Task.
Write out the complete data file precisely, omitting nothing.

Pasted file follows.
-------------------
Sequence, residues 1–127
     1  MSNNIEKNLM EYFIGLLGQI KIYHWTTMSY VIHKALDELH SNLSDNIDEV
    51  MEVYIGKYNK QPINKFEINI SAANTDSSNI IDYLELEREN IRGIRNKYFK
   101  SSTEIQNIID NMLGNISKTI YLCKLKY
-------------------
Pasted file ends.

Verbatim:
Sequence, residues 1–127
     1  MSNNIEKNLM EYFIGLLGQI KIYHWTTMSY VIHKALDELH SNLSDNIDEV
    51  MEVYIGKYNK QPINKFEINI SAANTDSSNI IDYLELEREN IRGIRNKYFK
   101  SSTEIQNIID NMLGNISKTI YLCKLKY